Defining Time Stealers in Ministry

Recently a church planter asked me for advice on balancing his schedule to incorporate family and ministry as he starts his pastoral journey. There were several disciplines I added into my life that I still follow after 30+ years in ministry.

When I was a young father, I knew that the best discipline for me was to keep my heart in the Word of God. My devotions were fairly regular. To discipline myself into this habit I would set three alarm clocks in different areas of the house. This forced me to get out of my bed, walk to the clocks and turn off the clanging alarms. Times were tough financially as well as being thin in discretionary time (I took 21 credit hours per term to finish my Bible college in 3 years instead of 4), plus I was a YFC staff person who had to raise my whole salary. It kept my busy.

There were certain things I had to prune out of my life that would steal time. The first was television. People would ask me what football team I was rooting for in the Superbowl, and I would reply, “What’s a Superbowl?” The others were movies and certain games. I had to redeem the time! It was a great discipline for me that still holds fruit until this day.

On Monday mornings I would take my kids to breakfast once at week at McDonald’s and then drop them off at school. That was my routine morning with them. Once they were at school, I would go to a coffee shop and do my daily devotions. I did this for many years. In fact, when my son Aaron was in high school, I would meet him for devotions at a coffee shop. My children were taught how to do devotions while they were in junior high.

Sometimes I would do my devotions in my car in the driveway while Anna got the kids up in the morning. These were creative things that had to be done to redeem time!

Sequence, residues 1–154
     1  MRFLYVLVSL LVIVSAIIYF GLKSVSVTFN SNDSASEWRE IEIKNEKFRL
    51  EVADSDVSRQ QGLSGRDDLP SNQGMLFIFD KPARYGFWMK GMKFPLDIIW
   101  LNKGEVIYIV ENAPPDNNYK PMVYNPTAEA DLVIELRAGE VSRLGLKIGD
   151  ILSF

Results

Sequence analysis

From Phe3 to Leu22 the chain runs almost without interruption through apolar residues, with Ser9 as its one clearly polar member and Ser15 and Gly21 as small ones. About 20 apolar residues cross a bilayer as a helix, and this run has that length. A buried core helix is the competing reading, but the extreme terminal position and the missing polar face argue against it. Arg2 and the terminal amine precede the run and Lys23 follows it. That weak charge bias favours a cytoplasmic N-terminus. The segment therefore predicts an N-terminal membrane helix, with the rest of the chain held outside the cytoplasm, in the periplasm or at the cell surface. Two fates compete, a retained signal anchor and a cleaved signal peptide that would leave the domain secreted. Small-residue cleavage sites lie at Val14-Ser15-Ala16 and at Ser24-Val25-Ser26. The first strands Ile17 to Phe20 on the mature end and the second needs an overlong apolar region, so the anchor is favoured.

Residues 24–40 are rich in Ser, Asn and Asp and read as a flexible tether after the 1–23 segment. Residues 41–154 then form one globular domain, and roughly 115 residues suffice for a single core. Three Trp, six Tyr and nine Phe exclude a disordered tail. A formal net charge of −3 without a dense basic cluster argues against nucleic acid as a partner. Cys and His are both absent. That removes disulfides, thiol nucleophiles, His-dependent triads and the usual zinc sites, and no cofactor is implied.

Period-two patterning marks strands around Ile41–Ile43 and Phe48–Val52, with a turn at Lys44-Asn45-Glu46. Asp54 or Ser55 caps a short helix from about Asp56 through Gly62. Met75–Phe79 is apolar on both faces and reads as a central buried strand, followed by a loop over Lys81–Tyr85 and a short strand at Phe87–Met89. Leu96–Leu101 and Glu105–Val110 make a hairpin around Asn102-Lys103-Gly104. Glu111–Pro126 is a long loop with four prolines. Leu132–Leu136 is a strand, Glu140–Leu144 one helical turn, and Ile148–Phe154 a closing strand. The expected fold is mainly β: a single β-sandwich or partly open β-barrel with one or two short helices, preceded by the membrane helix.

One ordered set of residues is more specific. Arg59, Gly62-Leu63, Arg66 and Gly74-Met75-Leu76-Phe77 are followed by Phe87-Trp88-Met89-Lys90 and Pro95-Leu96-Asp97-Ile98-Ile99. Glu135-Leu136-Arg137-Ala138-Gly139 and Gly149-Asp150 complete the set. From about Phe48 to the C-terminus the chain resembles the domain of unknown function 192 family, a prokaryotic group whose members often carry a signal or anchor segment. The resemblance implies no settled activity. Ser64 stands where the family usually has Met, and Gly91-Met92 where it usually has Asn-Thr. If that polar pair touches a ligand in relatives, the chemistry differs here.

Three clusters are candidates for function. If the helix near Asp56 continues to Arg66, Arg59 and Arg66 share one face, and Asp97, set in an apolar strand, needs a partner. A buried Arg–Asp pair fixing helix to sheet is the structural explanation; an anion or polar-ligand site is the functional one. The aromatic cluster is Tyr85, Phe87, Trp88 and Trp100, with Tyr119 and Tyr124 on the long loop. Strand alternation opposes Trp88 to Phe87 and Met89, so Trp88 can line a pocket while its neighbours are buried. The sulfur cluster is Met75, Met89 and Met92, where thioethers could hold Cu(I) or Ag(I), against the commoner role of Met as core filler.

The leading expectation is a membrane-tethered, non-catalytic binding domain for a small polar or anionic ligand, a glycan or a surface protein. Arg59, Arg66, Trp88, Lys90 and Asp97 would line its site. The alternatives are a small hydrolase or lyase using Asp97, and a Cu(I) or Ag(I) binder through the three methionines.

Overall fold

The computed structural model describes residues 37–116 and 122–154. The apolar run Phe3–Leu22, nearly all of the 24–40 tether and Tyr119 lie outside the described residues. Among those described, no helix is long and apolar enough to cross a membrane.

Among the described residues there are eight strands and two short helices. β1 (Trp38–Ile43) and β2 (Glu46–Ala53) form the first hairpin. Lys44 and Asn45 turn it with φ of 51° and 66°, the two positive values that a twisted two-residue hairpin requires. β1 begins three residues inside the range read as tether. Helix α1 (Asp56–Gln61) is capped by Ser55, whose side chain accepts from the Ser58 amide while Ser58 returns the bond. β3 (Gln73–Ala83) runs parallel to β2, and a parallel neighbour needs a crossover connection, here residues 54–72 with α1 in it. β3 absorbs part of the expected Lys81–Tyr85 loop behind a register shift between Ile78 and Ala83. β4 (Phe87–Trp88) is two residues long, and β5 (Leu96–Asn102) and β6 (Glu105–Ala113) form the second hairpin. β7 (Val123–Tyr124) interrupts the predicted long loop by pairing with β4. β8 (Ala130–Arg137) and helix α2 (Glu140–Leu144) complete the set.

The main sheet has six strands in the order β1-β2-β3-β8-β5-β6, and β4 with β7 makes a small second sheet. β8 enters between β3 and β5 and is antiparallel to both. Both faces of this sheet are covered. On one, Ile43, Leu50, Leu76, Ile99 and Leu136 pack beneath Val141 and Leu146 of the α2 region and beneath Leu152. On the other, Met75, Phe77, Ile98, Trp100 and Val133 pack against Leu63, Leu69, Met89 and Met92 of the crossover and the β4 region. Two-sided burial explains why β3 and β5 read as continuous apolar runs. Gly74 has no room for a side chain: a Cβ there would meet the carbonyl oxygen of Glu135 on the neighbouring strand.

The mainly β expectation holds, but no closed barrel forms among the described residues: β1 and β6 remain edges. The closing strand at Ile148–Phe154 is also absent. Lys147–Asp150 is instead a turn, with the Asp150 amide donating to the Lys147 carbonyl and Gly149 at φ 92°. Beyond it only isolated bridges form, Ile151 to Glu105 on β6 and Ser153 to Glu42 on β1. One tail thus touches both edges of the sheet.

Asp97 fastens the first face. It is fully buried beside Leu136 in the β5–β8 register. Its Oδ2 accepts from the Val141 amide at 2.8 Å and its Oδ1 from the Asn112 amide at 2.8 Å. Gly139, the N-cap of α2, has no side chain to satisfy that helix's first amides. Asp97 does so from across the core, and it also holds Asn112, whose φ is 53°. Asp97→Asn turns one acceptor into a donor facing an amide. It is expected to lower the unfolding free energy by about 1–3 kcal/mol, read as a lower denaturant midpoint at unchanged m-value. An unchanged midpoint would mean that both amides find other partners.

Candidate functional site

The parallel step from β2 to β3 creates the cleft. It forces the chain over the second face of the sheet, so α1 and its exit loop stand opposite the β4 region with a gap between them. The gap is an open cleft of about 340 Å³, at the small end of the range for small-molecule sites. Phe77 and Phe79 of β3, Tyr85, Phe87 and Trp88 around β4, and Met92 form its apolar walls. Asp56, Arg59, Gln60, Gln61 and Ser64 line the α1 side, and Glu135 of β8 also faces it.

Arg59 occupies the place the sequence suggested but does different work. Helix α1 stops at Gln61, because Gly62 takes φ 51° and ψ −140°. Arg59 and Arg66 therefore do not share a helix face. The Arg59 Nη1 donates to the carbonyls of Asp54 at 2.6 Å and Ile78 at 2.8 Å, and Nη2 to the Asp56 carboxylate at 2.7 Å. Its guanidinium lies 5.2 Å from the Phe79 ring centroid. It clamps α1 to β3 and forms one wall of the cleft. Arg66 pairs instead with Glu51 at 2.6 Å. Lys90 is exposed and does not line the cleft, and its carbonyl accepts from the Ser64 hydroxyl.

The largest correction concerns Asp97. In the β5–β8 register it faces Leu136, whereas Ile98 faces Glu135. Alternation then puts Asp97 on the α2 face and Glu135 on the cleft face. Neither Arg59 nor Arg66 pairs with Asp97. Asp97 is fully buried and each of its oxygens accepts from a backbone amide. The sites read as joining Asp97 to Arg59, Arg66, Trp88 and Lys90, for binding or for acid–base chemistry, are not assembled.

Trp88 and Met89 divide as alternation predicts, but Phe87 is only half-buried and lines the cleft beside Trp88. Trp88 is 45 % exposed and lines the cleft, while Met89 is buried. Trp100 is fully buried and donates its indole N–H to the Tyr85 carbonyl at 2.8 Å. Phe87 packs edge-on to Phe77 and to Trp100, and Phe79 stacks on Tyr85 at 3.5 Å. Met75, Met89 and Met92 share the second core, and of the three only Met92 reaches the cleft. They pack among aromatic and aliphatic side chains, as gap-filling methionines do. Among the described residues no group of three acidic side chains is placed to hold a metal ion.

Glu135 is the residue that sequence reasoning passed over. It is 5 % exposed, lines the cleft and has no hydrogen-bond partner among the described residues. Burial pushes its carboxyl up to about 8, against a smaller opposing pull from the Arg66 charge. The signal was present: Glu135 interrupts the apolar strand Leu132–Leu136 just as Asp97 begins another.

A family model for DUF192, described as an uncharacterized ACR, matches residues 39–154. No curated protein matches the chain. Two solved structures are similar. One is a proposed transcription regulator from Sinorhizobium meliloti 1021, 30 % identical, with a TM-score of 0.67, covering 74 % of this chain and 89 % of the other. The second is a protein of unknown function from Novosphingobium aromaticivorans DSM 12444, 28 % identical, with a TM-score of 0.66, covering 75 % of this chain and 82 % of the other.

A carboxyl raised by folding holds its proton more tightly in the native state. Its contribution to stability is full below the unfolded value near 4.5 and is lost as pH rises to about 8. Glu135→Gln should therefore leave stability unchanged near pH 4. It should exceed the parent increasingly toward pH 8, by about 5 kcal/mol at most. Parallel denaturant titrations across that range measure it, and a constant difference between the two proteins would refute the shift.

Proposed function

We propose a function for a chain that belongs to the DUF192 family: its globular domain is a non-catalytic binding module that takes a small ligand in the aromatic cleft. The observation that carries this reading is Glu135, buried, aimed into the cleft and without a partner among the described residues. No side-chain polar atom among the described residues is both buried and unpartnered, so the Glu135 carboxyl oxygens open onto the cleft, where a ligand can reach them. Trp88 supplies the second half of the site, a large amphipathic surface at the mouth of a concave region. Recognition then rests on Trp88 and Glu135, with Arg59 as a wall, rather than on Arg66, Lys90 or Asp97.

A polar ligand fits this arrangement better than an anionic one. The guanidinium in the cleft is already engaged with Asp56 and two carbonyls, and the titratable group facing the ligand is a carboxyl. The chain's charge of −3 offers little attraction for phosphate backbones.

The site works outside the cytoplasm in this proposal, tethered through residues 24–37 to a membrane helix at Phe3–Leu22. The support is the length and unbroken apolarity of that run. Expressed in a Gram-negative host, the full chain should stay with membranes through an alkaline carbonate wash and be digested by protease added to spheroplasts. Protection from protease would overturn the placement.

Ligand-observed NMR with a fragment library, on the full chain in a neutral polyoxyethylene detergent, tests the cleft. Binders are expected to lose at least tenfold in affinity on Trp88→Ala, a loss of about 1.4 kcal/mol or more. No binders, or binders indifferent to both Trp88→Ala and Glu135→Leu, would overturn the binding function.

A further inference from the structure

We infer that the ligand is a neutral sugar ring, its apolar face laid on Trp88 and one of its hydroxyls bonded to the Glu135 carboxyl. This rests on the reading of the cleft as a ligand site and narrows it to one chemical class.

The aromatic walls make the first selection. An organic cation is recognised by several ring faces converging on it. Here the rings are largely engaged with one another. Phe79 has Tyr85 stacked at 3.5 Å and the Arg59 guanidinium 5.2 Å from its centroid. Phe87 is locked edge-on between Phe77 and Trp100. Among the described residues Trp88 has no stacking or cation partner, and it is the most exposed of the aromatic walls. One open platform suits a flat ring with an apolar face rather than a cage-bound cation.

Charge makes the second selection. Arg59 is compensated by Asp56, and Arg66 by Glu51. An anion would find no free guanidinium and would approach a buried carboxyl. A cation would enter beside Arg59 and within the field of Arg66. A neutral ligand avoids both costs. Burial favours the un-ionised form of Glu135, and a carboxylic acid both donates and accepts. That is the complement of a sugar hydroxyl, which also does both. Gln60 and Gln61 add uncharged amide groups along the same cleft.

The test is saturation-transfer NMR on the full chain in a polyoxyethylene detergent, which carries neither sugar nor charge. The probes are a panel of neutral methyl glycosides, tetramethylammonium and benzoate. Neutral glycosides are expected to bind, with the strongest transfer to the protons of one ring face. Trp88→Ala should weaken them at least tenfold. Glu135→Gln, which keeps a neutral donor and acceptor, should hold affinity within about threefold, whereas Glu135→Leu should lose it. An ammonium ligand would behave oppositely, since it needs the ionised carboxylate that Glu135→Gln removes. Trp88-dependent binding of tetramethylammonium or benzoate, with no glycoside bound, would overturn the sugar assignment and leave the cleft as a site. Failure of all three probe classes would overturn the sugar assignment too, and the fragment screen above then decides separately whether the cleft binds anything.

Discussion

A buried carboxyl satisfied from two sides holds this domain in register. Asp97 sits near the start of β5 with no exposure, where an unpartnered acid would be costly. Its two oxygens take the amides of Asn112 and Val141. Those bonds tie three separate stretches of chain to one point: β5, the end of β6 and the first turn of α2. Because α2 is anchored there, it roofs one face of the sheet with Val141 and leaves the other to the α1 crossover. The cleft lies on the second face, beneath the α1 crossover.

Keep your devotions high on your list. If you are veering off, the Spirit will let you know in advance of a crash. But if you are not in His Word, you can be going off and you won’t know it until you hear the splat.

At an early age, I would also include my children on things I did and places I would travel for ministry. Aaron has been to Japan, Myanmar, Australia, Green, Israel and various places in the USA. So have my daughters. And today, although my youngest is still in college, my other two children are in full time ministry.

I would also take Anna out for dinner once a week… someplace within my budget, nothing fancy or expensive, but quaint and quiet. We still do that today! We would arrange a babysitter for a few hours and that once a week time was truly a marriage saver. I’d also talk a lot with Anna. You need to do the same with your wife. She needs to communicate with you.

During the busy seasons of ministry, such as Christmas or Easter, we sometimes had a challenge finding time to get together. I would call her often and over-communicate with her. Our spouse knows we are busy in ministry; they just don’t like it when they don’t feel that they’re a part of ministry and you are not a part of hers. Let your wife know that after this season, you and she will spend time together. Make a reservation at a nice restaurant or spend the time enjoying each other’s company. These disciplines saved me years of heartache and helped me live for the things that really count.


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